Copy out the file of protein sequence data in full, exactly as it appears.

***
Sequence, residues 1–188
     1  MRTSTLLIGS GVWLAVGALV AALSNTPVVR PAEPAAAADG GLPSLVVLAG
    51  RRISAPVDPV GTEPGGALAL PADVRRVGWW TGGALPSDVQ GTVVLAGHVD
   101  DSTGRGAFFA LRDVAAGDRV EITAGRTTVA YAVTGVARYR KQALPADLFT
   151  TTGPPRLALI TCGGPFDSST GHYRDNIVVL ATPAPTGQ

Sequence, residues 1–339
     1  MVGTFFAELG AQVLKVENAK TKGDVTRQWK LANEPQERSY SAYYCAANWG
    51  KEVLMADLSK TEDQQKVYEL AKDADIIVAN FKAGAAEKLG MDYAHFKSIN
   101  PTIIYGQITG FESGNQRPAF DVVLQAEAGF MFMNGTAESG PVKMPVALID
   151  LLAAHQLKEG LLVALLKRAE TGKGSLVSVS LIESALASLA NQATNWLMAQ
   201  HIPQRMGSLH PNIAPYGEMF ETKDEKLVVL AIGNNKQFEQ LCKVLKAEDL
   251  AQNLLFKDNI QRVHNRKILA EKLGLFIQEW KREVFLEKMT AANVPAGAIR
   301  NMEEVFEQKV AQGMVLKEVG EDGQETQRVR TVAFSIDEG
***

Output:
Sequence, residues 1–188
     1  MRTSTLLIGS GVWLAVGALV AALSNTPVVR PAEPAAAADG GLPSLVVLAG
    51  RRISAPVDPV GTEPGGALAL PADVRRVGWW TGGALPSDVQ GTVVLAGHVD
   101  DSTGRGAFFA LRDVAAGDRV EITAGRTTVA YAVTGVARYR KQALPADLFT
   151  TTGPPRLALI TCGGPFDSST GHYRDNIVVL ATPAPTGQ

Sequence, residues 1–339
     1  MVGTFFAELG AQVLKVENAK TKGDVTRQWK LANEPQERSY SAYYCAANWG
    51  KEVLMADLSK TEDQQKVYEL AKDADIIVAN FKAGAAEKLG MDYAHFKSIN
   101  PTIIYGQITG FESGNQRPAF DVVLQAEAGF MFMNGTAESG PVKMPVALID
   151  LLAAHQLKEG LLVALLKRAE TGKGSLVSVS LIESALASLA NQATNWLMAQ
   201  HIPQRMGSLH PNIAPYGEMF ETKDEKLVVL AIGNNKQFEQ LCKVLKAEDL
   251  AQNLLFKDNI QRVHNRKILA EKLGLFIQEW KREVFLEKMT AANVPAGAIR
   301  NMEEVFEQKV AQGMVLKEVG EDGQETQRVR TVAFSIDEG